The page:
Reunert blames slower economy for earnings fall

Shares in listed ICT group Reunert declined in afternoon trade on Friday (3 May), after the group says it expects to see a fall in interim earnings.

The group, which is behind the Nashua brand, says it expects earnings per share and headline earnings per share for the six months ended March 2013, will be between 13% and 17% lower than in 2012, citing a slower local economy.

Shortly before 13h00, shares in the group fell 2.54%, or R2.03, to R77.97 on the JSE, some way off its 52 week best level of R87.91 (March 13), but giving the company a market cap of R15.66 billion.

Reunert says normalised headline earnings per share will be between 12% and 16% lower than the corresponding reporting period of the previous year.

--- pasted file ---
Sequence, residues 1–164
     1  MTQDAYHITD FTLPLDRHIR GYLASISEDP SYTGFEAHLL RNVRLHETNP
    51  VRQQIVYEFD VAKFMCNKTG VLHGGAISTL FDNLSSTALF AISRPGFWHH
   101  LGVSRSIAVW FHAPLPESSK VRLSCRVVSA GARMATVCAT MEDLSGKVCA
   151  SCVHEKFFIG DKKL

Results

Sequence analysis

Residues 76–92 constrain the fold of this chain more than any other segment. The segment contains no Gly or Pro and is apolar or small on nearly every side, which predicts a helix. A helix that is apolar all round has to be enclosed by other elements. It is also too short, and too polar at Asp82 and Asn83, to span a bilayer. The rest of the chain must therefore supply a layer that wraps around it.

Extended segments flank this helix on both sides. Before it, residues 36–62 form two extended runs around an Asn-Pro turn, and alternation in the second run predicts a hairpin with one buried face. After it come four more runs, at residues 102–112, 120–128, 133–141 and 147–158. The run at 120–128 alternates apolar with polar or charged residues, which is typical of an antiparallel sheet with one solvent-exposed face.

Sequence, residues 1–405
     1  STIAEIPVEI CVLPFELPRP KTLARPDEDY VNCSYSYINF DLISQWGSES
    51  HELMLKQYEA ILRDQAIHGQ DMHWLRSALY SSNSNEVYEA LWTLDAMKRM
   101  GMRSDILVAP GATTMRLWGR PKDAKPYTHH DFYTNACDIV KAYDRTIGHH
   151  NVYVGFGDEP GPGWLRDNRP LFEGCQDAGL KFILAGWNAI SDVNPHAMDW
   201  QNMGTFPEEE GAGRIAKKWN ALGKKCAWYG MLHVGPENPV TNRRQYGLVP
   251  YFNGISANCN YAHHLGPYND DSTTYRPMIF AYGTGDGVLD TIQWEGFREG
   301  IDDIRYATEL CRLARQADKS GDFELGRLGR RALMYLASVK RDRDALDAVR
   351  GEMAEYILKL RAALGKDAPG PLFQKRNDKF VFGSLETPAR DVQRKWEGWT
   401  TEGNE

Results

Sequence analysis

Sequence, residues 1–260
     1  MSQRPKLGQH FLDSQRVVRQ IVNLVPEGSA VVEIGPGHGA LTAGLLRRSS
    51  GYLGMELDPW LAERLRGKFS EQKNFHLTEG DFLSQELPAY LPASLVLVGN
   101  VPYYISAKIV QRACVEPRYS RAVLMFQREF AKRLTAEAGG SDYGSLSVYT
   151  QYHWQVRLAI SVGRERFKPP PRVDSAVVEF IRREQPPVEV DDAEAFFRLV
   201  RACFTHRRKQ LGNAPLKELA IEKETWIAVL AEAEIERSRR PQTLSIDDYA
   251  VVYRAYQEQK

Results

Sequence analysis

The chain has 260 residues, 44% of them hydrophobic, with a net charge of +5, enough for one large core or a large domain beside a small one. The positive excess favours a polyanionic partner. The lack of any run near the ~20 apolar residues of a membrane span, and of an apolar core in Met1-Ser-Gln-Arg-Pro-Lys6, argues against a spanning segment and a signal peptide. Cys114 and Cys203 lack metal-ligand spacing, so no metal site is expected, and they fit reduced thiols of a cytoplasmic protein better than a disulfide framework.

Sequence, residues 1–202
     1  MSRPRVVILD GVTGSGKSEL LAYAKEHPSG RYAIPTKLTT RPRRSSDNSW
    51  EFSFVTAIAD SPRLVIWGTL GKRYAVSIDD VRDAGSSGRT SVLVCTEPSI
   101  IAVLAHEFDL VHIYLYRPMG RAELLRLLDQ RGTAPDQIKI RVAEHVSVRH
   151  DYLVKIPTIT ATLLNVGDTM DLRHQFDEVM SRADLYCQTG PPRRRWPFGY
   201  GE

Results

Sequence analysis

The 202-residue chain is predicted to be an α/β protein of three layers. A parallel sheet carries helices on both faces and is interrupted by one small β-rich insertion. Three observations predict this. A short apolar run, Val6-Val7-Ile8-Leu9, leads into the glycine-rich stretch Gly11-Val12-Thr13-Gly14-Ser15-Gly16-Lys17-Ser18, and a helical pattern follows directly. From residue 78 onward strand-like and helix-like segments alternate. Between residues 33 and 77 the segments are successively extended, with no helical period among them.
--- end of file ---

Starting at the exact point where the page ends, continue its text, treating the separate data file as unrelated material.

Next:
In its interim period in 2012, Reunert reported normalised headline earnings per share to 298 cents, while revenue increased by 10% to R5.7 billio.

Operating profit grew by 18% to R736 million and the group increased its interim dividend to 95 cents per share

The key reasons for the decline in earnings are:

  • The impact of a generally slower economy;
  • Delays in various external infrastructure roll-outs that have affected the CBi-Electric segment;
  • The port and transport sector strikes in October 2012 affected production volumes within CBi-Electric due to late delivery of raw-materials; and
  • The decrease in the interconnect rates affected the viability of the least cost router (“LCR”) product offering in our mobile telecommunications business. LCR was still a significant profit contributor in the equivalent period last year.

“The combination of these factors has resulted in lower revenue for the six months and a consequent decrease in earnings,” Reunert said.

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Reunert blames slower economy for earnings fall